Dance Giants of Death: Astronomers have discovered three supermassive black holes in the course of a collision – a real rarity. The gravitational giants are at the center of three merging galaxies. Their discovery provides a unique insight into the process of galaxies growing up and gigantic black holes appearing. Whether all three black holes eventually merge or one is ejected is still open.
In the center of almost all galaxies lies a supermassive black hole – also in the heart of our Milky Way. Only the enormous weight of these giants holds the galaxies together and shapes their behavior. But what happens when galaxies collide? The observations and models suggest that the black holes in their centers then merge with each other. However, there are also cases where the two gravitational giants still orbit each other for a surprisingly long time – thus the galaxy has two central black holes.
© NASA / CXC / George Mason Univ./ R. Pfeifle et al., SDSS and NASA / STScI
Three in one go
Why the Great Clash sometimes fails or at least delays, he wanted to examine Ryan Heifl George George Mason University in Fairfax and team closer. Therefore, in astronomical astronomy data, they first searched for fusion galaxies. They then directed the X-ray telescope to NASA's Chandra X-ray Department and the Large Binocular Telescope (LBT) in Arizona to assess the state of their active galactic nuclei.
Surprising result: In addition to some collisions of double-core galaxies, astronomers also discovered billiards, which included three galaxies. "We literally stumbled upon this incredible system," Pfeiffer says. Although telescopes have previously seen two of these galaxies, the third in the league has only just come to light. The triple system is located about one billion light-years from Earth and briefly bears the official name SDSS J084905.51 + 111447.2, SDSS J0849 + 1114.
Active galaxy cores in seam detail
The exciting question was: What about the central black holes of these three galaxies? The first indication was the images of the Chandra X-ray telescope. They detect three intense X-ray sources – clear signs of three supermassive black holes that actively capture matter. Additional LBT as well as infrared telescopes have also shown typical spectral signatures of absorbed matter in the vicinity of these objects.
"This is the strongest evidence to date of a triple system of active supermassive black holes," said Schiffle. According to telescope data, these active galactic nuclei are only between 11,000 and 23,000 light-years away. Larger quantities of gas and dust also indicate that they are already intensively interacting with each other, as astronomers report.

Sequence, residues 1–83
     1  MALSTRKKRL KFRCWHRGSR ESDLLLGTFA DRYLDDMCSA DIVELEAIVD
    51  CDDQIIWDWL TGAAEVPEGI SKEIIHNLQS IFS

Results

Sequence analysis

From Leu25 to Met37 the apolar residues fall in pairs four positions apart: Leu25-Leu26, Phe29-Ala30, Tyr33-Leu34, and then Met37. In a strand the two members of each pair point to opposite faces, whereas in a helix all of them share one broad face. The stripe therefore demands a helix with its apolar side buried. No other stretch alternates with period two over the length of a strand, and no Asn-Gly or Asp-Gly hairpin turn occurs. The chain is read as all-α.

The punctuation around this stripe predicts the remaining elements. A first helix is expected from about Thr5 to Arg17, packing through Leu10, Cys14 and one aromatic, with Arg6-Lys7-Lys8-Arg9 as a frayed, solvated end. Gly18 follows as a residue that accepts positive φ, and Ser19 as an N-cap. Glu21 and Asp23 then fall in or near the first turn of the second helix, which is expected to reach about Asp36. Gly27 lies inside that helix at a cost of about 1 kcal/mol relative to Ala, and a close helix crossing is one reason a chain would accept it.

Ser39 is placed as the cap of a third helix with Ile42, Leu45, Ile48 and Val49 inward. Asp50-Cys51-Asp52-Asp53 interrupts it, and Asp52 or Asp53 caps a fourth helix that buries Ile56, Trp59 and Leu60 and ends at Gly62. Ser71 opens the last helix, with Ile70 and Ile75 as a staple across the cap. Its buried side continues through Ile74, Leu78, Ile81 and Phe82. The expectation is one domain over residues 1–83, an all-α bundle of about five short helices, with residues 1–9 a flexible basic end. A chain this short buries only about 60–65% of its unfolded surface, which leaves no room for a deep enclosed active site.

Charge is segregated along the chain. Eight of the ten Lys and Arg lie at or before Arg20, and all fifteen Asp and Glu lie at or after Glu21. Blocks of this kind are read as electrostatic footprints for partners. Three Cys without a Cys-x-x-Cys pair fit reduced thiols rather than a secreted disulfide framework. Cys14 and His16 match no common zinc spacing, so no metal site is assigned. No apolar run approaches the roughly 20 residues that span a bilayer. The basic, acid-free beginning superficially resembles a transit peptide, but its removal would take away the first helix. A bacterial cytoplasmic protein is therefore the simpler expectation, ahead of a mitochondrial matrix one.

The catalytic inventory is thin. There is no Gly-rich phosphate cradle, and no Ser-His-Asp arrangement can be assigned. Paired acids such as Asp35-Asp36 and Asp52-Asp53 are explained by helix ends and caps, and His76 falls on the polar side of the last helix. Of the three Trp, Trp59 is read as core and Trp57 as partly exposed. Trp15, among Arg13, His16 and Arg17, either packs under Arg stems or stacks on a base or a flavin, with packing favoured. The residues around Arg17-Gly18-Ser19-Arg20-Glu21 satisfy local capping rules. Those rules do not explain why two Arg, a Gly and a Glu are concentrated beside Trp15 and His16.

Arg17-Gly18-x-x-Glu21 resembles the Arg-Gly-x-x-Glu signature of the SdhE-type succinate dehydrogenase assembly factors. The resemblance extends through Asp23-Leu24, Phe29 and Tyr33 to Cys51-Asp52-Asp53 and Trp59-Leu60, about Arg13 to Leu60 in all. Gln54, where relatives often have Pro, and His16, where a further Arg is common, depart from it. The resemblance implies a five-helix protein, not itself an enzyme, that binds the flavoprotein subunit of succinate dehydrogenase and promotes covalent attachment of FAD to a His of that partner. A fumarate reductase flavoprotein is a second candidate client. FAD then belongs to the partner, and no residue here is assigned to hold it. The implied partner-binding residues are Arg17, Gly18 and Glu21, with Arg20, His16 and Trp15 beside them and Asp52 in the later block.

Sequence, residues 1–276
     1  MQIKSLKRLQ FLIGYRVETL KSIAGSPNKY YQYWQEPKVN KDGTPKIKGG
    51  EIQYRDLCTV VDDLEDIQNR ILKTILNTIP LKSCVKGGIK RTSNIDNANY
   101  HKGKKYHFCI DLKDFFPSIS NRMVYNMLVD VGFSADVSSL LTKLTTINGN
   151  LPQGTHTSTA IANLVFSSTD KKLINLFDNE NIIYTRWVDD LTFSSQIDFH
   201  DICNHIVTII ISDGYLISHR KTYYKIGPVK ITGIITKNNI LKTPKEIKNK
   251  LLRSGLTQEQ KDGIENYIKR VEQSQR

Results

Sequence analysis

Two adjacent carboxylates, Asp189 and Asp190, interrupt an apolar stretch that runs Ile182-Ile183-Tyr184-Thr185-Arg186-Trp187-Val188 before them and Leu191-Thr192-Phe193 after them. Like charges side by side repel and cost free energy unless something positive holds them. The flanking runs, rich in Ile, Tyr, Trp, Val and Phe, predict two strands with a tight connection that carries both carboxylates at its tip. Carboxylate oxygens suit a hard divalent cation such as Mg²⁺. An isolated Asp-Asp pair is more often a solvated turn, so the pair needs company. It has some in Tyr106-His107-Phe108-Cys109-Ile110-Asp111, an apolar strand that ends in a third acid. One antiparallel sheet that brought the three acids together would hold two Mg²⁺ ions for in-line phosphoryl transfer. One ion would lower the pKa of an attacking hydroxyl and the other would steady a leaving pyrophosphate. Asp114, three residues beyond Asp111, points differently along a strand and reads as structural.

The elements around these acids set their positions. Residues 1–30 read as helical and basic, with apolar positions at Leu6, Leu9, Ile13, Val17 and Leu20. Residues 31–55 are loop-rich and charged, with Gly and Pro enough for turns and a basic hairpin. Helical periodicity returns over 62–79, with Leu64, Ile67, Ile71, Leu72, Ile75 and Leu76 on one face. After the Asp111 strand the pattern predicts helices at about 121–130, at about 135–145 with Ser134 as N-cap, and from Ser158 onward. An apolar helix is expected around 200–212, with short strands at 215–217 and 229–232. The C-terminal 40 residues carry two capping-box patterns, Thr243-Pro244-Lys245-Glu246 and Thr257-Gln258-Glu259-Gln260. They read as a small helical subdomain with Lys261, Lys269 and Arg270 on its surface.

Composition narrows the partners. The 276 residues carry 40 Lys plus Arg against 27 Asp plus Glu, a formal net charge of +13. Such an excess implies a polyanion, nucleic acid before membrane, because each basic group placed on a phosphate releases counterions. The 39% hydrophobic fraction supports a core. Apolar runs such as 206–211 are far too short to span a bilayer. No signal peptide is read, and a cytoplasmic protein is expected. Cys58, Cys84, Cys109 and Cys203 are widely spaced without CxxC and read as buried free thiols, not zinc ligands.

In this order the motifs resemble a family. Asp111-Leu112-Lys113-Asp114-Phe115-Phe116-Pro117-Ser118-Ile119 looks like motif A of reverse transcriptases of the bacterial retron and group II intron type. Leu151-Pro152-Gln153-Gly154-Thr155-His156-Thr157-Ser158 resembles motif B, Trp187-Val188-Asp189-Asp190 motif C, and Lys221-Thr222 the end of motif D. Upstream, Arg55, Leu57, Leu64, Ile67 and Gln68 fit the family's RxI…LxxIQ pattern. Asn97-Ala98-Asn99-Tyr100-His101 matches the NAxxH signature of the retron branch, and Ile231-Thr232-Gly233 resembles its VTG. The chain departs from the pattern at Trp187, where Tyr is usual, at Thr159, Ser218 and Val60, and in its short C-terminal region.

© Chandra X-ray Observatory
What about the trio?
But how does this scenario continue? As astronomers explain, two of the black holes will first merge. Because the presence of a third party in the league can bring a decisive pair of such galactic cores, a decisive impetus for definitive final access. "A third supermassive black hole can significantly shorten the time to fusion," explained Pifel and his colleagues. According to computer models, this trio effect can affect up to 16 percent of galaxy collisions.
However, the gravitational impact of the third black hole can have the opposite effect, as the researchers explain: Instead of giants getting closer to each other, the interactions act like a catapult and throw one of the three black holes away in space. "The result then in the galaxy was wandering a supermarket black hole," astronomers said. Researchers have already found evidence of such emissions in a distant quasar in 2017 – but in this case it was the result of a double collision.
To find out more about the interaction of active galactic nuclei, astronomers now want to look for other cases of such triple mergers. If different phases of these collisions are found, this may help to clarify the fate of such trips into the black hole. (Astrophysical Journal, in press)
Source: Chandra X-ray Observatory / Harvard-Smithsonian Astrophysics Center